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Congress Returns With Large To-Do List as Architects Gear Up to Advance Legislative Priorities
By Andrew Goldberg, Assoc. AIA, Managing Director, Government Relations & Outreach

Members of Congress returned to Washington last week with a large to-do list of unresolved issues., Although the budget deal that enacted in December lessened the possibility of further fiscal crises like October’s government shutdown, the looming 2014 midterm election means Congress has relatively little time to address other big issues.

Here is a quick look at the issues that Congress might try to tackle in 2014, and how architects will help shape some of those issues:

Job Growth and Economic Progress. Issue number one for the voters continues to be the economy, and that is no doubt true for the design construction industry as well. The AIA and its allies are working to advance legislation that will help architecture firms identify new markets and help architects and emerging architects deal with the financial strains that impact their ability to find work and stay in the profession. Legislation that reforms the design build process for federal buildings, backed by the AIA and a coalition of groups, may see action in 2014, and efforts to help architecture school graduates deal with the ever-increasing burdens of student loan debt may also see traction this year in Congress.

The Federal Budget. The deal Congress finalized in December provides a two-year blueprint for the federal budget, but Congress still needs to approve funding bills to keep government agencies running past January 15. Although the budget deal cancels some of the spending cuts from sequestration, the outlook for funding levels for many programs is still fairly bleak, including monies for the design and construction of federal facilities at the Department of Defense, GSA, and other agencies. In addition to having to keep government agencies open, this year Congress also needs to address the debt ceiling. According to the Treasury Department, the federal government will reach the limit as early as February.

Taxes. Ambitious efforts to reform the U.S. tax code took a big hit in December, when President Obama nominated Senate Finance Committee Chairman Max Baucus (D-MT) to the next U.S. ambassador to China. Sen. Baucus was one of Capitol Hill's biggest proponents of large-scale reform of the tax code. Although there is little chance of tax reform passing in 2014, the Finance Committee did release a number of broad proposals in December and have asked the public for comments. The AIA and a large coalition of design and construction organizations are preparing responses to the proposals, many of which would directly impact architects and their firms.

In the meantime, another tax related issue looms large – the expiration this past New Year's Eve of several tax incentives, including those for the building sector. Of particular note to architects was the expiration on December 31 of the 179D energy efficient commercial building tax deduction. The AIA will be strongly making the case with its allies that Congress needs to restore these incentives in order to keep the fragile recovery of the design construction industry going.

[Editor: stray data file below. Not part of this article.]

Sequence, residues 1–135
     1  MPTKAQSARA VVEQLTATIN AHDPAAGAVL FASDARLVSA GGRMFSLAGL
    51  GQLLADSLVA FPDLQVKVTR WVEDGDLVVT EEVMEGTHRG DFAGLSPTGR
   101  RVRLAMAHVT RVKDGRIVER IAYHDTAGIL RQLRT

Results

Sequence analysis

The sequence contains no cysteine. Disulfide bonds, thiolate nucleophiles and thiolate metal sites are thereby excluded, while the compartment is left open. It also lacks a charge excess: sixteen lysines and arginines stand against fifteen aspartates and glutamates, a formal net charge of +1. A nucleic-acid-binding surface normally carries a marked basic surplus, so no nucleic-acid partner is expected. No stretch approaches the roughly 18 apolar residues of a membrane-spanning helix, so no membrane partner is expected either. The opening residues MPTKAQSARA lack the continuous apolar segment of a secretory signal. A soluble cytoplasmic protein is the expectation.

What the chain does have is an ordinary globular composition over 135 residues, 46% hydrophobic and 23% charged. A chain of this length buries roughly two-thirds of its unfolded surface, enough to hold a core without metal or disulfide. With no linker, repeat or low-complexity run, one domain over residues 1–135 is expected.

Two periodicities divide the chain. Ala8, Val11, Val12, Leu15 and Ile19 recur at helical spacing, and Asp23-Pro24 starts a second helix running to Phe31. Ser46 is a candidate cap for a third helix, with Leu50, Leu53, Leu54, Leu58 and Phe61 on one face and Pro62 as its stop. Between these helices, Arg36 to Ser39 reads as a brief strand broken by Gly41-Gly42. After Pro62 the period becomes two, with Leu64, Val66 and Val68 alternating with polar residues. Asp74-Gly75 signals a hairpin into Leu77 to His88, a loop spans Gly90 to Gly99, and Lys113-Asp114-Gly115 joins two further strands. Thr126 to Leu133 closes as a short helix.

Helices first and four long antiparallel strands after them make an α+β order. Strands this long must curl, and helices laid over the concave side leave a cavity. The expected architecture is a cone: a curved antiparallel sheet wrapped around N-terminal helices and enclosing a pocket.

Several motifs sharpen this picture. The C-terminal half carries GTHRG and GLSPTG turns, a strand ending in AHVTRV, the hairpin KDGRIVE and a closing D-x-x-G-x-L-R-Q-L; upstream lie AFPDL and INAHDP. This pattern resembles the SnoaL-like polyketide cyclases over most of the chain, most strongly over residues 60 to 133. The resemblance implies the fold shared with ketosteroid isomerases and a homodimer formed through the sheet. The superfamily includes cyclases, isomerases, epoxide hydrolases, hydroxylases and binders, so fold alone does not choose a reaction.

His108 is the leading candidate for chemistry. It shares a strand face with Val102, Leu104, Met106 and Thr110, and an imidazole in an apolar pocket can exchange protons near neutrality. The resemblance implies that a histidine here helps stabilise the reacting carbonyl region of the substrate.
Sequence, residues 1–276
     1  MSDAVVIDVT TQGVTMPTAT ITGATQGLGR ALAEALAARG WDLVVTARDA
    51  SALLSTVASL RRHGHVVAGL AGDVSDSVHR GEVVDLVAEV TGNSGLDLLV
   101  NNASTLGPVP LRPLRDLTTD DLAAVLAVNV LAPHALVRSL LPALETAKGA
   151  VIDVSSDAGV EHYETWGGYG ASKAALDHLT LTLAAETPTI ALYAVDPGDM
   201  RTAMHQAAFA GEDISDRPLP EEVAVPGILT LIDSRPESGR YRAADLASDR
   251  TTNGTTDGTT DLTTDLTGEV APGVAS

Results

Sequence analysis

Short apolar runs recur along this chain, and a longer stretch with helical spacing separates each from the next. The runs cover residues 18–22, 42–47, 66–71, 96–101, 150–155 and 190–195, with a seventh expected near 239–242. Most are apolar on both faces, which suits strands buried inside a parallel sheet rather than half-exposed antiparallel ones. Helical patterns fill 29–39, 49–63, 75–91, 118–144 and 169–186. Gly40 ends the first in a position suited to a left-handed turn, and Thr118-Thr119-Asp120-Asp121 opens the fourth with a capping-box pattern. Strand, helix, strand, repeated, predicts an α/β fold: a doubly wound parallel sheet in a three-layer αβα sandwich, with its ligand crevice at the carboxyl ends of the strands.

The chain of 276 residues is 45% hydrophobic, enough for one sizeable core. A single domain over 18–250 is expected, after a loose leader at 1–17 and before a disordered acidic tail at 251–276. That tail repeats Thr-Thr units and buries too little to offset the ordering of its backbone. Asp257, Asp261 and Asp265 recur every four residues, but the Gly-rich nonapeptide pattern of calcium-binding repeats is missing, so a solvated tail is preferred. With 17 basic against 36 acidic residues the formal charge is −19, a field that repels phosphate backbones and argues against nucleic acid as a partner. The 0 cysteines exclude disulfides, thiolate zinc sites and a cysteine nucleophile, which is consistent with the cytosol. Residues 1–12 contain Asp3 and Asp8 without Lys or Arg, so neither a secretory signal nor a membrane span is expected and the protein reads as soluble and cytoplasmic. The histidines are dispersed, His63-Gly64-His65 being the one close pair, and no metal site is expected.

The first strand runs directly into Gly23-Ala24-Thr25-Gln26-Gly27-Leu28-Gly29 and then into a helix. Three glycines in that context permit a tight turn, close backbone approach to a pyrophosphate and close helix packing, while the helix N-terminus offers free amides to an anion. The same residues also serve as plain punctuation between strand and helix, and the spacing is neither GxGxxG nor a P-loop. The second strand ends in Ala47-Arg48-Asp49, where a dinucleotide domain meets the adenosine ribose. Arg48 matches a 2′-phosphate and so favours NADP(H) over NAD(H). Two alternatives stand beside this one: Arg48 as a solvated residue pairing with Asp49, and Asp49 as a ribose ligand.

Infrastructure. Despite growing awareness that the nation's infrastructure is in serious need of repair, disagreements on how to finance improvements to roads, bridges, buildings, and water systems are preventing legislation from moving forward. The AIA and its allies have been working to advance the idea of a National Infrastructure Bank, which would leverage billions of dollars in private sector funding to help repair and rebuild critical infrastructure, including buildings. Although it is unlikely that such legislation would advance in 2014, there is hope that at the very least, Congress can provide more long-term funding for transportation projects when it renews the federal transportation program, which expires later this year.

Energy. The best hope for bipartisan action on energy efficiency remains with the still-stalled Shaheen Portman energy efficiency bill that was approved by the Senate Energy and Natural Resources Committee last year but was held up in the Senate over unrelated issues. The AIA is working to build support for the bill, while ensuring that it, or any other energy legislation, does not repeal the 2007 law that applies the 2030 targets to federal buildings.

Disaster resilience. As the number of natural disasters impacting both the United States and countries around the world continue to mount, 2014 could provide opportunities to advance legislation that helps architects and the entire design construction community not only help communities recover from natural disasters, but also prepare them to mitigate against such disasters.

On Monday, the AIA will outline its legislative priorities for the upcoming Congressional session, based on the results of the AIA’s Call for Issues. Want to get involved moving the agenda forward? Visit www.aia.org/advocacy365 to learn how you can advocate for the profession.  


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This content is published by the AIA Government and Community Relations Department, 1735 New York Ave., NW, Washington, DC, 20006. To contact the AIA’s Government & Community Relations team, send an email to govaffs@aia.org.

 

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